What’s more, they seem to have made a good job of getting a signal back to 1800. The progression of the oscillations seems to have credible underlying structure.

• P. Solar
Posted Nov 4, 2011 at 6:34 PM | Permalink

OK, Stephen may be right about the longer frequencies. Here is a comparison of the FFT of Hadcrut3 and Berkeley-est.

http://tinypic.com/r/24qu049/5

Accepting that Hadcrut is land and sea, it still seems like the longer frequencies have been decimated as Stephen suggested.

For apples to apples this should be done with CRUtemp land only but it’s getting late.

• Posted Nov 5, 2011 at 7:09 PM | Permalink

Thanks for the followup. I do not doubt that the long term reconstruction LOOKS credible. After all, it is just what a lot of people were expecting.

My point is that the process as I see it effectively destroys the data we seek. Proof that it is authentically recreated in the suturing process are scant. There is a low frequency returned in the final produce, but it is not original. It is counterfeit.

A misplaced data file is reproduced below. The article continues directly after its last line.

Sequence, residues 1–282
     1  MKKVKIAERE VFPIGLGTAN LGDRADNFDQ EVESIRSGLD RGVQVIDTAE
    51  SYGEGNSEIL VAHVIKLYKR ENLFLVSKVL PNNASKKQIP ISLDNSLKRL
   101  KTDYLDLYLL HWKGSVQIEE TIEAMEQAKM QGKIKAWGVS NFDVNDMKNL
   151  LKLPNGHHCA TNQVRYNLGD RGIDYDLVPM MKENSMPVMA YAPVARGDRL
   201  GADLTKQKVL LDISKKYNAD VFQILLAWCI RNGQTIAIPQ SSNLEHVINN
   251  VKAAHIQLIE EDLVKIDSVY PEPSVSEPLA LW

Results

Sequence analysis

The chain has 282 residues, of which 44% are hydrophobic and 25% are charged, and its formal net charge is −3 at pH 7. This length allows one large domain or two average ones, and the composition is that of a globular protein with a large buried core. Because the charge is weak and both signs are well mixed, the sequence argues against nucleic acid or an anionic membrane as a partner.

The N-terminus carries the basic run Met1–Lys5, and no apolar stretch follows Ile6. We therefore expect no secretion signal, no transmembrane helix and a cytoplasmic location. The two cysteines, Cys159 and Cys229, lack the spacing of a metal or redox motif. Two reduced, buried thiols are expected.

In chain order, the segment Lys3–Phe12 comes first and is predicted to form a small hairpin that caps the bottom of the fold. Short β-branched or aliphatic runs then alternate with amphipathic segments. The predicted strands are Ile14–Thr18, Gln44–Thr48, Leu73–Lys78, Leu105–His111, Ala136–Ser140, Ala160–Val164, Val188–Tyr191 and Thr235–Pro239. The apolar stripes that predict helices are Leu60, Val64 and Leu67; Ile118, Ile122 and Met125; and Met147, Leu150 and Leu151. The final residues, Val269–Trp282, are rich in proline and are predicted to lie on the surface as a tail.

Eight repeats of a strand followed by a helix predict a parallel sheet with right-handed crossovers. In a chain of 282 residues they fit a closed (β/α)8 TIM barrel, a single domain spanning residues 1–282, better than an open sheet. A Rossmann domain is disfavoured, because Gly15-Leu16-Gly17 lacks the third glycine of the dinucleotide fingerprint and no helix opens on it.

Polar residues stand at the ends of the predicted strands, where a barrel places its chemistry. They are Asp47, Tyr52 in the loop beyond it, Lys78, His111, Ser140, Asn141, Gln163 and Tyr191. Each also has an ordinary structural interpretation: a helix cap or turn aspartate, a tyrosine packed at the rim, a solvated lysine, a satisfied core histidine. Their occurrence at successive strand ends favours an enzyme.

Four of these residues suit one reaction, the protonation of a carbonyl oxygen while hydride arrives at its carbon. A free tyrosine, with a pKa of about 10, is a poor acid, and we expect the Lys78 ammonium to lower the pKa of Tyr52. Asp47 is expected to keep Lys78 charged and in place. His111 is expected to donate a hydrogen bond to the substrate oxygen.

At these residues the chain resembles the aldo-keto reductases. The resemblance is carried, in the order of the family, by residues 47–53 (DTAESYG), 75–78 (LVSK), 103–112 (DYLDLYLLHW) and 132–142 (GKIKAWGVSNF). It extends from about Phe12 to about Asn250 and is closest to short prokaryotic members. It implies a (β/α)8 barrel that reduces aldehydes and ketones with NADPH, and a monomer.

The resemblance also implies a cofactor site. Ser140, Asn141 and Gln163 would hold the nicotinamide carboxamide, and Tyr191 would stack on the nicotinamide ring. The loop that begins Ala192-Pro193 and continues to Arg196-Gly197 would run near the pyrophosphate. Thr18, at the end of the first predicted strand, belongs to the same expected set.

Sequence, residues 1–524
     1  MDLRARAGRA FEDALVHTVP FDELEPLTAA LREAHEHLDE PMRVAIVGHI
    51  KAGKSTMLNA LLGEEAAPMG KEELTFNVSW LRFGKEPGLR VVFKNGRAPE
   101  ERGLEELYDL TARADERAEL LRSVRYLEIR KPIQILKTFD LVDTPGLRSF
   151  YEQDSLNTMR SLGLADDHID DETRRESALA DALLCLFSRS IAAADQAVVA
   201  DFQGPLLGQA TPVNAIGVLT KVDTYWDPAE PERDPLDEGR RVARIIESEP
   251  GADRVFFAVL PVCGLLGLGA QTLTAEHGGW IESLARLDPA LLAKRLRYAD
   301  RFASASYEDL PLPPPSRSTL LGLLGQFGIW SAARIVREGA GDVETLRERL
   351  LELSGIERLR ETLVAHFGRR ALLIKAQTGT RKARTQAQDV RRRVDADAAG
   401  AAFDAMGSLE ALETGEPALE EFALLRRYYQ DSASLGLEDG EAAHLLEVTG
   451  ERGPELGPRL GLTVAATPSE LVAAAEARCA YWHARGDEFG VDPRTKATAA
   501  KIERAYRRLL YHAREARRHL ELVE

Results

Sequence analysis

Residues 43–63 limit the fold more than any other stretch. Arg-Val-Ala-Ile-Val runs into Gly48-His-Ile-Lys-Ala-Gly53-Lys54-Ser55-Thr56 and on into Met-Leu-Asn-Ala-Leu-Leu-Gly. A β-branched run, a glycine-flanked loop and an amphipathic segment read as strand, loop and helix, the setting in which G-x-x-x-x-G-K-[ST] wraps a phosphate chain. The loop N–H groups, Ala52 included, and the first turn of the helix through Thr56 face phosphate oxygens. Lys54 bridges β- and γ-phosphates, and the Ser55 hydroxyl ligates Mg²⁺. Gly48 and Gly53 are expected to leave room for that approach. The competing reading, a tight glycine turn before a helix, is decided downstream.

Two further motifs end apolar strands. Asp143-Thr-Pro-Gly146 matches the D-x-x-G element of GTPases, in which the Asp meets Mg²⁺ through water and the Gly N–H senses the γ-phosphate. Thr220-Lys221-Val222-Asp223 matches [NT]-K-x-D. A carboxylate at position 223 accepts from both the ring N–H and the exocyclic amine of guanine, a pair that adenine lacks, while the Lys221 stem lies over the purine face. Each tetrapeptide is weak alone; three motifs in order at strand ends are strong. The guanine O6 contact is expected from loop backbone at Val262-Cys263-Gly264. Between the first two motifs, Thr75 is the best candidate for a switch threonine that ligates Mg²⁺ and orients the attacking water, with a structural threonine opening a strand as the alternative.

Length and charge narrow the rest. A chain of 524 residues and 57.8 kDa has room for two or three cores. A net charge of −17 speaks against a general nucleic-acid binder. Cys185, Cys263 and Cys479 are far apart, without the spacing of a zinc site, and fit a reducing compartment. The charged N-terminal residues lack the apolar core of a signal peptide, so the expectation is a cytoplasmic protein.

Based upon what must be happening to the data in the Fourier Domain, I am having the same reaction to the BEST process as most of you would have to a process that seems to violate the 2nd Law of Thermodynamics.

• Steve McIntyre
Posted Nov 5, 2011 at 1:15 PM | Permalink

I share your concerns about this data processing. If you try to find the OLS trend over a 12y period … ANY 12y PERIOD in the last 200y of B-est you’ll find it is ZERO!

can you show the calculation? I don’t follow it.

• Posted Dec 8, 2011 at 4:37 PM | Permalink

The paper Lui et al 2011, highlighted by JoNova and WUWT has a Figure 2 and 3 that highlight precisely what I believe is a weak link in BEST’s scalpel and suture process.

Lui-2011 Fig.2 Power Spectrum shows large power density at frequencies below 0.05/yr (i.e. cycle times >= 20 years). They note significant power spikes at 1324, 800, 199, 110 Years (and by visual estimate, ~70 and 27 yrs, too).